By Leah Mueller Special to the Herald/Review
Dec 12, 2023
When people hear the word “graffiti,” they might envision crude, furtive scribblings, but true street art is nothing of the sort. It’s astonishingly intricate, comprising a wide range of styles and mediums.
The art usually stays right where it is — in the street — but Bisbee’s Artemizia Foundation brings some of the beauty indoors, where people can view it more closely.
Located inside the building that once housed the Schoolhouse Inn, Artemizia beckons visitors with its vibrant colors. The cavernous interior overflows with treasures — graffiti and street art by such notables as Banksy, Swoon, Jules Muck, Sofia Cianciulli, Corie Mattie , and many others.
You can easily spend a couple of hours at Artemezia, wandering amongst its masterpieces. The property features Gallery 818, a sculpture garden, a mural labyrinth, an art labyrinth, and a dizzying array of creations.
Foundation director Sloane Bouchever is passionate about his mission to foster appreciation of the oft-overlooked medium of street art.
“About every seven to eight weeks, we bring in a new artist,” he explained. “We’ve had a show by Banksy. We’ve had shows by Sofia Cianciulli, who came over from Florence, Italy. The last artist was Tracy Brown. Her show comes down in two weeks.”
Bouchever is always making improvements to the gallery. Some of them are quite extensive.
“We’ve just installed a state-of-the-art movie theater,” he said. “It’s very James Bond. I push buttons, and the projector drops a screen. We’re going to have a movie series here called the 818 Film Series. It’ll be open to members only.
“We’ll make this area a café with chairs and tables. In the next room, we’ll have a bar with wine and Perrier and some appetizers. We can seat 30 people here. We’ll be playing mostly documentary films and bringing in the filmmakers to talk about them.”
Artemizia’s upcoming Dec. 16 show will feature art by well-known Brooklyn street artist, Swoon. Swoon, whose given name is Caledonia Dance Curry, was born in Connecticut and raised mostly in Florida. Her parents struggled with opioid addiction.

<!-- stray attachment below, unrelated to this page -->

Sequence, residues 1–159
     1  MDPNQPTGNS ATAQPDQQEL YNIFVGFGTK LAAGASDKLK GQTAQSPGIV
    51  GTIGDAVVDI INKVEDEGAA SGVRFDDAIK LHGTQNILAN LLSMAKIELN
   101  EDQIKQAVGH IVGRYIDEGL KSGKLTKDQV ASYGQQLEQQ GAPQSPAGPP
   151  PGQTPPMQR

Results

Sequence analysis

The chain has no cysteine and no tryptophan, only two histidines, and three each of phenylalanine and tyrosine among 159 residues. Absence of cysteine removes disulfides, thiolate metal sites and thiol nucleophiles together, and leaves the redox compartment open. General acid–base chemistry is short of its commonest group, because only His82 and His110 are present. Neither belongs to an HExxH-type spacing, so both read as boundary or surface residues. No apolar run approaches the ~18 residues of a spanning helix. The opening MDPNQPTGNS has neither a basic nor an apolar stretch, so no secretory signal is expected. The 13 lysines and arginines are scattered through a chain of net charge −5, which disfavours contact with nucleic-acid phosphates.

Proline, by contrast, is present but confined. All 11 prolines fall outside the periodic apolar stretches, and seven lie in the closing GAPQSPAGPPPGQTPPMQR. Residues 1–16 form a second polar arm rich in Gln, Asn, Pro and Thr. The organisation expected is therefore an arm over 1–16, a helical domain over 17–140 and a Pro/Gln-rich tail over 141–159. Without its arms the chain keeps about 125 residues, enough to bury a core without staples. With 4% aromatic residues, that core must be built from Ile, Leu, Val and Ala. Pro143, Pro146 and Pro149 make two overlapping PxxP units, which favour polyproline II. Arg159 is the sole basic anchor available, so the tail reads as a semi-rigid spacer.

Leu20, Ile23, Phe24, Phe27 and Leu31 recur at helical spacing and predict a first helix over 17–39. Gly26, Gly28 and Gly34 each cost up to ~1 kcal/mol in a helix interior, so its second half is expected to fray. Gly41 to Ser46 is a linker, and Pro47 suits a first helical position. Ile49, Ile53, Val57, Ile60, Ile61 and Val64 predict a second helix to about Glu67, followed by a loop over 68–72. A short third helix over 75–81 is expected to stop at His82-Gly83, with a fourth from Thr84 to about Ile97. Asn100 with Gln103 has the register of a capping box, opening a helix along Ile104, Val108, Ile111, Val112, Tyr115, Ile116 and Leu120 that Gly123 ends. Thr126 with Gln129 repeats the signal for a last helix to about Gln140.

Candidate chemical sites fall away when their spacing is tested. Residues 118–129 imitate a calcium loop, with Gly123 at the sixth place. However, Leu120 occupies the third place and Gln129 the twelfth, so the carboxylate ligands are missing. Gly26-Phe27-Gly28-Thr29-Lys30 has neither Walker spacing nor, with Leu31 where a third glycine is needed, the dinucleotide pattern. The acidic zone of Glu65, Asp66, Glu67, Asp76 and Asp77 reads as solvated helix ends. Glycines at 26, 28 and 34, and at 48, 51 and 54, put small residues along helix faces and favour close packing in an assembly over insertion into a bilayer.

When Swoon was 10, her mother enrolled her in an art class for retirees. She blossomed there and went on to study at the Pratt Institute. The collegiate curriculum felt too confining, so she began to plaster her paper portraits to building exteriors.
Swoon’s fame expanded, and now her prints fetch quite a bit of money. Her work has been shown and collected by MOMA in New York, the Tate, and every major museum in the world.
Bouchever plans to give back to the Bisbee community.
“We’re doing a limited edition of 50 of her prints,” he said. “Typically, her prints would sell for two or three thousand dollars. We’re selling them for $300, and 100% of the proceeds will go to Tin Town (the local homeless shelter).”
Swoon will sign and number one of her most well-known works, a portrait of a Black man named George. Dressed in a multicolored, flowing robe, George clasps his hands and cocks his head. The amount of detail is astonishing. One can only imagine how many hours it took to create such a piece.
Artemizia also features a stunning self-portrait by Swoon, a mixed-media piece that includes paint and plywood. Wearing a dreamy, thoughtful expression, she gazes slightly to one side — a hallmark of much of her work.
If you’d like to meet Swoon and see her beautiful creations, you can come to her show on Saturday, Dec. 16, from 1-4 p.m.. Admission is $10. Museum memberships start at $50 per year.
Artemizia is at 818 Tombstone Canyon. It’s open Thursday thru Sunday from 11 a.m.-4 p.m. Contact the gallery at www.artemiziafoundation.org.